SEP 01, 2020 7:21 AM PDT

Scalp Implants Monitor Epileptic Seizures

WRITTEN BY: Tara Fernandes

Neuroscientists have developed devices that, when implanted under the scalp of individuals living with epilepsy, can monitor and record seizures over time to better manage the condition clinically. Presently, physicians rely heavily on patient self-reporting in the form of “seizure diaries” in order to map the frequency and triggers of epileptic episodes in order to tailor their medication. This is highly subjective, considering that over half of seizures are not known to patients.

This new wave of brain monitoring technologies use subscalp electroencephalography, or EEG, and are regarded by neuroscientists as a minimally invasive and reliable alternative to self-reporting, as reported in a recent article in Epilepsia. Co-author Maxime Baud from Bern University Hospital said, “Our current epilepsy treatment plans are primarily based on short-term brain activity data from EEG caps during a hospital visit. Epileptic seizures can occur months apart and come in cycles, so we need ways to, continuously and accurately, monitor brain activity in the home environment.”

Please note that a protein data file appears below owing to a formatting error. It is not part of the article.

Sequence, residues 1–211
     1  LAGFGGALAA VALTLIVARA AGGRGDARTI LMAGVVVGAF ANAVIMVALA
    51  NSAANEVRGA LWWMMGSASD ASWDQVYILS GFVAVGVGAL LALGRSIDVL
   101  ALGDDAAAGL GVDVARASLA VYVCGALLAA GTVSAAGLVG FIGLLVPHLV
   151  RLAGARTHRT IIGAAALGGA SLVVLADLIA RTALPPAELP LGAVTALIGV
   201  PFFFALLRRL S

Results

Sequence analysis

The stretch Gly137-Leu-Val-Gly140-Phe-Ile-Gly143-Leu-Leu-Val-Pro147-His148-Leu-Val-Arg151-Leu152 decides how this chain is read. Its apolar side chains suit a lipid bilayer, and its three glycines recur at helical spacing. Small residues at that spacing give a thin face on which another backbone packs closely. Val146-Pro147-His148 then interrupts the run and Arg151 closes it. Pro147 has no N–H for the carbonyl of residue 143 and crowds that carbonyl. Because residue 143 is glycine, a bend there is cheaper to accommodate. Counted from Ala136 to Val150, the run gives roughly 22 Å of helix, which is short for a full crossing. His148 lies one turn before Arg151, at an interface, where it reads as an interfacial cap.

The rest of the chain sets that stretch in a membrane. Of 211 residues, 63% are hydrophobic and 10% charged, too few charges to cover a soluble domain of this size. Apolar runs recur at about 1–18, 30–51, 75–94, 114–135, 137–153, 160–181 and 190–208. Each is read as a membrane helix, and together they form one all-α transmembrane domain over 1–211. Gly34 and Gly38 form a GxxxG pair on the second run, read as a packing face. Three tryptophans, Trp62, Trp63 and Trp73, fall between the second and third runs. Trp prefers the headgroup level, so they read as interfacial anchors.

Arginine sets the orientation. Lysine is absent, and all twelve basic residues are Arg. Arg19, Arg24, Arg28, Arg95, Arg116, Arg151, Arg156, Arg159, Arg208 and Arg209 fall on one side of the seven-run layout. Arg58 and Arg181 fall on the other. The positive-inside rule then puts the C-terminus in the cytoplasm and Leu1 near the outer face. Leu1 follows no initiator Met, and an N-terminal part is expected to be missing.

One of the innovations highlighted in the article is the Epios™ system, which can be customized to the patient, with a series of sensing electrodes linked to a tiny implant that is inserted just beneath the scalp. The electrodes pick up brain activity signals and transmit them wirelessly to an external receiver, worn behind the patient’s ear. The device also measures the heart rate, patient movements, and surrounding audio, uploading all this data to secure and centralized cloud storage.

George Kouvas from the Wyss Center and co-author of the article said: “In parallel to the recording devices, we are constantly optimizing our high performance analytics software with algorithms that could help clinicians draw meaningful conclusions from the vast amount of data recorded by these long-term systems.” 

“We are already working towards adapting these new technologies to help patients with other brain disorders manage their daily life, such as with tinnitus and stroke,” Kouvas added.

 

 

Sources: Epilepsia, Technology Networks.


 

About the Author
PhD
Interested in health technology and innovation.
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